Richard Denison, Ph.D., is a Lead Senior Scientist.
Environmental Defense Fund issued the following press release in response to today's introduction of The Frank R. Lautenberg Chemical Safety for the 21st Century Act [UPDATE: The bill number is S. 697]. We have also prepared an accompanying factsheet and detailed bill analysis [UPDATED to reflect changes in bill as reported out of the Senate Environment and Public Works Committee on April 28, 2015].
Bi-Partisan Chemical Safety Bill
Creates Strong New Protections Against Hidden Health Threats
The Frank R. Lautenberg Chemical Safety for the 21st Century Act Would Overhaul Weak Federal Law, Provide New Powers to Require Safety of All Chemicals
(Washington DC, March 10, 2015)—Senators Tom Udall (D-NM) and David Vitter (R-LA), together with seven Democratic and eight Republican cosponsors introduced legislation today to fix a badly broken system that is currently failing to protect Americans against thousands of untested or hazardous chemicals used in all kinds of everyday products, from cleaning products, to clothing, to couches.
The Frank R. Lautenberg Chemical Safety for the 21st Century Act would overhaul the nearly 40-year-old Toxic Substances Control Act (TSCA), the nation’s primary federal chemical safety law, establishing strong new protections to ensure the safety of chemicals in everyday products. Certain common chemicals are linked to cancer, infertility, diabetes, Parkinson's and other illnesses. Pregnant woman, infants, and children are especially vulnerable. Under the current law, Americans are exposed to thousands of chemicals every day, only a small fraction of which have ever been adequately reviewed for safety. TSCA is so badly broken that EPA is virtually powerless to restrict even known deadly carcinogens such as asbestos.
Fred Krupp, President of Environmental Defense Fund, said:
“Americans shouldn’t have to worry whether chemicals in their homes pose a threat to their families. With lawmakers coming together from both sides of the aisle, this is the best chance in a generation for us to move past an obsolete and badly broken law to provide strong protections for all Americans. We look forward to working with Senator Udall, the environmental community and other stakeholders to get the strongest bill possible enacted into law. Congress cannot afford to let this historic opportunity slip from its grasp. We owe it to our children and grandchildren to seize the moment and act."
The new legislation would update the current law and give EPA the tools it needs to ensure the safety of chemicals and significantly strengthen health protections for American families. Notably, the bill:
- Mandates safety reviews for all chemicals in active commerce
- Requires a safety finding for new chemicals before they can enter the market
- Replaces TSCA’s burdensome cost-benefit safety standard—which prevented EPA from banning asbestos—with a pure, health-based safety standard
- Explicitly requires protection of vulnerable populations like children and pregnant women
- Gives EPA enhanced authority to require testing of both new and existing chemicals
- Sets aggressive, judicially enforceable deadlines for EPA decisions
- Makes more information about chemicals available by limiting companies’ ability to claim information as confidential, and by giving states and health and environmental professionals access to confidential information they need to do their jobs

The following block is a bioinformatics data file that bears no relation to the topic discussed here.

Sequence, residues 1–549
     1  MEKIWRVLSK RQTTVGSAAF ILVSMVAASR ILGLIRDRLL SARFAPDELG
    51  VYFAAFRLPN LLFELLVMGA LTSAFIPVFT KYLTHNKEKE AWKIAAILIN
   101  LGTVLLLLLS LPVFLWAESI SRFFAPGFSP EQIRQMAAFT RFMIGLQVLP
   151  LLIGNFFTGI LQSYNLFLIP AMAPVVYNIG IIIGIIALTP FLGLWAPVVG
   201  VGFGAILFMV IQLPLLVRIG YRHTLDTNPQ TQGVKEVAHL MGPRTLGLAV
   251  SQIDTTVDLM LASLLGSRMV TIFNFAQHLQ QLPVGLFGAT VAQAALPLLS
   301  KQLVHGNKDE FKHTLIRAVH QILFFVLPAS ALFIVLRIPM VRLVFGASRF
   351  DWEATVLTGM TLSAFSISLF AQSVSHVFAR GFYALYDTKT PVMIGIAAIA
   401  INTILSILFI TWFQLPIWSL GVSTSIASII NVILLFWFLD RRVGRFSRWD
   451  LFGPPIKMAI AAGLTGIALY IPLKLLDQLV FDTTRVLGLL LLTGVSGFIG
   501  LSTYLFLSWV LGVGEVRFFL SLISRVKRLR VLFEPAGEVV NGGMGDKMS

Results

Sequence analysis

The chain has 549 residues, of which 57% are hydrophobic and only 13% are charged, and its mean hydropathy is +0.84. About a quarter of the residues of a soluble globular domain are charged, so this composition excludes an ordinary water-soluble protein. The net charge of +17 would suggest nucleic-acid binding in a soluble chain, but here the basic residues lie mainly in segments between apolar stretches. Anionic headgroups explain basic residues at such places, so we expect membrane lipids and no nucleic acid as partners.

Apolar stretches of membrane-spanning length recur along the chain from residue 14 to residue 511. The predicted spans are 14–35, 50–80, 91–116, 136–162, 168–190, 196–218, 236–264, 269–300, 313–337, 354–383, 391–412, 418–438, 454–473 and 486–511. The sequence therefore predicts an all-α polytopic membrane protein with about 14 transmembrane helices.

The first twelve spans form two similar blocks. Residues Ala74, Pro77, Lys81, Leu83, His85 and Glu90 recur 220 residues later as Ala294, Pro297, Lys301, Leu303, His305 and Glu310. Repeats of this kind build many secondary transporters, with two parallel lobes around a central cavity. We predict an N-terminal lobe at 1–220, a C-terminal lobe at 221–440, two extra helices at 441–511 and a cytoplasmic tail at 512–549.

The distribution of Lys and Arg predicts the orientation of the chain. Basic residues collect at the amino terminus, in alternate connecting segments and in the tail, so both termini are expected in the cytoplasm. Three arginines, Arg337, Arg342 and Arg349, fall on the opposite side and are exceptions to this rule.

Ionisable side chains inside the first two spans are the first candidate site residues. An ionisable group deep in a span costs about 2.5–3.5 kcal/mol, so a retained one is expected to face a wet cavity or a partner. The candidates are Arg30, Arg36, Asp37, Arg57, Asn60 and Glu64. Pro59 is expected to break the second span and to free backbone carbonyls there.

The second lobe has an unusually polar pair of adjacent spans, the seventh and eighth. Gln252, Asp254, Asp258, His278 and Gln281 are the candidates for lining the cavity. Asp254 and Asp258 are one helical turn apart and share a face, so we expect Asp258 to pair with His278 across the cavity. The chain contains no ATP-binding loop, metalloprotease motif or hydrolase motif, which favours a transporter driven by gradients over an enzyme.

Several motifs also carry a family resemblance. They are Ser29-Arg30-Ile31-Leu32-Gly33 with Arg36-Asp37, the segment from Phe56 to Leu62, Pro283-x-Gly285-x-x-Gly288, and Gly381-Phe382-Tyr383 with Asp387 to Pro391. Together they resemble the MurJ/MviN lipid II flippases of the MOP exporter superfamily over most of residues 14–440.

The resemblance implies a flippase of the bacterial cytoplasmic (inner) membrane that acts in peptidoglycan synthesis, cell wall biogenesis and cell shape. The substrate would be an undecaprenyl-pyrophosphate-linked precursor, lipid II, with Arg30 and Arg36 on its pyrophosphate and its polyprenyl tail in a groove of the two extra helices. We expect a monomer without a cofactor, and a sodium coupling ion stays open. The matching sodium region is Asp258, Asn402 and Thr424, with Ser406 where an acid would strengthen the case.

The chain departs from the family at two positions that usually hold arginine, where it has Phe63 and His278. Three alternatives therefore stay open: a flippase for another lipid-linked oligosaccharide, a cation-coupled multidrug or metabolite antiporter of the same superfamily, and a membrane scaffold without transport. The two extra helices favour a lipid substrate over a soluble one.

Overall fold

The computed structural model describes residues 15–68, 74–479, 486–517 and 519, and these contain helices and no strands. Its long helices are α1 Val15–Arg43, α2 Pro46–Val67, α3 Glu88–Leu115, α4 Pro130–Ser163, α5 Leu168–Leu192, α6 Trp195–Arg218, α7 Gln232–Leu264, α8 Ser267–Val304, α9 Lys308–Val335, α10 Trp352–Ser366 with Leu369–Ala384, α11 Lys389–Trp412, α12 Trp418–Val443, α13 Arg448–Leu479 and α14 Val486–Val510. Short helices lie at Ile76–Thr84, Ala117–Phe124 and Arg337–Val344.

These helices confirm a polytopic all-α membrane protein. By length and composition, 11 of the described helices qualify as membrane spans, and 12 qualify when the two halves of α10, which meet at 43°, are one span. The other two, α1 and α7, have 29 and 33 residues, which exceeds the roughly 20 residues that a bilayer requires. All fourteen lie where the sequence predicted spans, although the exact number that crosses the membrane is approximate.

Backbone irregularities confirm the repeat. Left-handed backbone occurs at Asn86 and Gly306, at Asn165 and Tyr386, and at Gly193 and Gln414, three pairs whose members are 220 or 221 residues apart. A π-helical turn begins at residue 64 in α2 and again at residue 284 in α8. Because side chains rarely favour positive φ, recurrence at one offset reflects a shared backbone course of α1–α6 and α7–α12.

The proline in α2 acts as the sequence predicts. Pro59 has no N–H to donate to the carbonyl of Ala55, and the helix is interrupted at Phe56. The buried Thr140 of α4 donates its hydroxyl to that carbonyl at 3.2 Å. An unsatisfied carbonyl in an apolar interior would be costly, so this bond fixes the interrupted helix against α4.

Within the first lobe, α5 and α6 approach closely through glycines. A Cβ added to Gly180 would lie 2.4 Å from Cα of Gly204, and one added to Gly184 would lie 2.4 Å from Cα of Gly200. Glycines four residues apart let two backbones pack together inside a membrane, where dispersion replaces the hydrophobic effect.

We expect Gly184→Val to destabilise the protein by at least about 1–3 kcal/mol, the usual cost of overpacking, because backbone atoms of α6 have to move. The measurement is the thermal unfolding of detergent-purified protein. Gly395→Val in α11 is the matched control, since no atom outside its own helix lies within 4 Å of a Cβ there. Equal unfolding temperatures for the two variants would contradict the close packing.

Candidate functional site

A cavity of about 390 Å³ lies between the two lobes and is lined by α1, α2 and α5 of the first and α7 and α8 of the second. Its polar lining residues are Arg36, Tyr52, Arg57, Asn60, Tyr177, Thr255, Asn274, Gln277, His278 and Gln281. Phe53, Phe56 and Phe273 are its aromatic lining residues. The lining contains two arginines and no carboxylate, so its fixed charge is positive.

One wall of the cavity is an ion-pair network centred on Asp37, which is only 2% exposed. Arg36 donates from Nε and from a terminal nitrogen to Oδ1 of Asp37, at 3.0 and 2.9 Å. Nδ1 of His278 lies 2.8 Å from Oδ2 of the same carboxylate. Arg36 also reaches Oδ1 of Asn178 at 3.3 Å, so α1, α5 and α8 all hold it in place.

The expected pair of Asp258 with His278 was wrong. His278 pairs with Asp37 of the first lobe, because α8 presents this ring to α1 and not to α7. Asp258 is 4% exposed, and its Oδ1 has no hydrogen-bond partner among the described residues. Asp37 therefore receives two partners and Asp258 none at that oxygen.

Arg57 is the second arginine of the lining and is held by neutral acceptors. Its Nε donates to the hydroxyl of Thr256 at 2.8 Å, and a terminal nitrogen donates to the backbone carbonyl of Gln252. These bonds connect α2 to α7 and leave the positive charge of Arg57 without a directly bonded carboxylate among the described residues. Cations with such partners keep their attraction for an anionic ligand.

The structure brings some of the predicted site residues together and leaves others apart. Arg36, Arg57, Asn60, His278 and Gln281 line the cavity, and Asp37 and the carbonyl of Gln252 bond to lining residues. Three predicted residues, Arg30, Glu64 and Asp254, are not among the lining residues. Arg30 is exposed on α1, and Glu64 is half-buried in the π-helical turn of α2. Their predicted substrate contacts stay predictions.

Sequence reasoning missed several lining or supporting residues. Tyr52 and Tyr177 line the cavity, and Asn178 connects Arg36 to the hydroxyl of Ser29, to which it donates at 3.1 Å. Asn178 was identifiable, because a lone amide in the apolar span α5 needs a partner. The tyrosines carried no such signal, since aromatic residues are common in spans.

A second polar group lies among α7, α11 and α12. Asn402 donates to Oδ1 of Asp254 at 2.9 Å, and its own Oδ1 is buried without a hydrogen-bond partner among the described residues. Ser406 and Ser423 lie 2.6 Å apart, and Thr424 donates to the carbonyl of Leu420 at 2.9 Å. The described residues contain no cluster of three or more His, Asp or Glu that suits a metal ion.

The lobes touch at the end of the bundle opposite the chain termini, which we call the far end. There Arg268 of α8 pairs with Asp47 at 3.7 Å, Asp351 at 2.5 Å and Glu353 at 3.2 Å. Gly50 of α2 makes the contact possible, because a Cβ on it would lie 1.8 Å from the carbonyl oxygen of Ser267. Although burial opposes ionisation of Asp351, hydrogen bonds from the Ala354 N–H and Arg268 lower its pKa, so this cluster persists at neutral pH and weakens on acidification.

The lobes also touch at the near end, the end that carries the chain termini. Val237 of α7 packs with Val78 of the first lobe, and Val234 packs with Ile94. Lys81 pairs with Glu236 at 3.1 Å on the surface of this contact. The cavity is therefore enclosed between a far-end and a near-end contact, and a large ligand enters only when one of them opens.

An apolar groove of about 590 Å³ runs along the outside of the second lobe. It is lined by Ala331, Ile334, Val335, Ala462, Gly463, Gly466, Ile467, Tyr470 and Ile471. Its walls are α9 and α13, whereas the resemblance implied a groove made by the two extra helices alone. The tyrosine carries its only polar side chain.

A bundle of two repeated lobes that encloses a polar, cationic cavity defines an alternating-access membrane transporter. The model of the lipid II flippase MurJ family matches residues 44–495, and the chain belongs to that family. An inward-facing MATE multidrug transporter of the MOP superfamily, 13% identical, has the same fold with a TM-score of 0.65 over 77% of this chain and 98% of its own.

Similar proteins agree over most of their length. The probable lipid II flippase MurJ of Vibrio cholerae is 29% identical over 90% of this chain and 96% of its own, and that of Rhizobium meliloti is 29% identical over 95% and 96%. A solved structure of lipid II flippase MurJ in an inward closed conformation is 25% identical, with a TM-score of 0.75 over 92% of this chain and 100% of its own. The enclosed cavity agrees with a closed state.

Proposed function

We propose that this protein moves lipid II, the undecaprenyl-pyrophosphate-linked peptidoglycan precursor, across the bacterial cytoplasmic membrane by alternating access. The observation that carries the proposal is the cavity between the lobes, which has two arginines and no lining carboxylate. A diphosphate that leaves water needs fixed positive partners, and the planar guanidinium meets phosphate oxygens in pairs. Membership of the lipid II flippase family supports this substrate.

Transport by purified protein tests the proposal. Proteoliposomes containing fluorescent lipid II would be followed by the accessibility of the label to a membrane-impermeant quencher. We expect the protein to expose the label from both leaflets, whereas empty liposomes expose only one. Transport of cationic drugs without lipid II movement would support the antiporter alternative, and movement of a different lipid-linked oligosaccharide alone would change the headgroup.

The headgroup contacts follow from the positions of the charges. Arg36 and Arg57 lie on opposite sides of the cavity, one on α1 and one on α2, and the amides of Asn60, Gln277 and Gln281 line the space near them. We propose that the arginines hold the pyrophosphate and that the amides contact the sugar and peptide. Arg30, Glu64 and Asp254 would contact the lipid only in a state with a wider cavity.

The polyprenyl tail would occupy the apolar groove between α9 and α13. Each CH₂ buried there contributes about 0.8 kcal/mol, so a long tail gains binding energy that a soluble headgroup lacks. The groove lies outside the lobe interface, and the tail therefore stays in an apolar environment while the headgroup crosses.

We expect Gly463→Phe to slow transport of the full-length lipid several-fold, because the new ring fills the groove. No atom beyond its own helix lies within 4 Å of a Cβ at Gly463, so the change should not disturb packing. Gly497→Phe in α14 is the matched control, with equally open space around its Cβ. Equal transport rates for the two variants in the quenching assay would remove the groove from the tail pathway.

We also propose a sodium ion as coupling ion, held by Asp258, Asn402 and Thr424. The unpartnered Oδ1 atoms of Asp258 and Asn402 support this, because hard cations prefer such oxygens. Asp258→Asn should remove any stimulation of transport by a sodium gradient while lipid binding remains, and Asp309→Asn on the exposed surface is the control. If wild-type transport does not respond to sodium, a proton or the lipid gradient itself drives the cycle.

- Provides for the payment of fees by companies to ensure EPA has the resources to carry out its responsibilities
- Ramps up the number of chemicals undergoing safety assessments from an initial 10 to at least 25 chemicals, after all procedures and fees are in place to support the increased level of work
The new legislation is nearly two years in the making and is built on a bill introduced by the late New Jersey Senator Frank Lautenberg and Senator David Vitter in 2013. Negotiations have yielded hundreds of improvements to the original bill.
The new bill significantly reduces the earlier proposal’s preemption of state laws: All state actions taken before 2015 remain intact regardless of subsequent EPA actions. Even after enactment, states can act to restrict a chemical until and unless EPA takes up that same chemical and addresses the same uses. State actions that do not restrict a chemical’s production, distribution or use, or are taken to address a different problem are not affected. No preemption attaches to low-priority designations of a chemical by EPA.
“After nearly four decades under a failed law, this legislation would finally provide EPA with the tools it needs to better protect American families,” said Dr. Richard Denison, Lead Senior Scientist at Environmental Defense Fund. “Rare political circumstances have opened a narrow window to pass meaningful reform that protects the health of American families. It’s essential Congress act now.”
In addition to Sens. Udall and Vitter, original cosponsors include (seven Democrats and eight Republicans): Sens. Joe Manchin (D-WV); Jim Inhofe (R-OK); Tom Carper (D-DE); Roy Blunt (R-MO); Chris Coons (D-DE); John Boozman (R-AR); Joe Donnelly (D-IN); Mike Crapo (R-ID); Martin Heinrich (D-NM); Shelley Moore Capito (R-WV); Heidi Heitkamp (D-ND); John Hoeven (R-ND); Rob Portman (R-OH), Bill Cassidy (R-LA) and Debbie Stabenow (D-MI).
Additional resources can be found on EDF’s website, including a factsheet and detailed bill analysis [UPDATED to reflect changes in bill as reported out of the Senate Environment and Public Works Committee on April 28, 2015].
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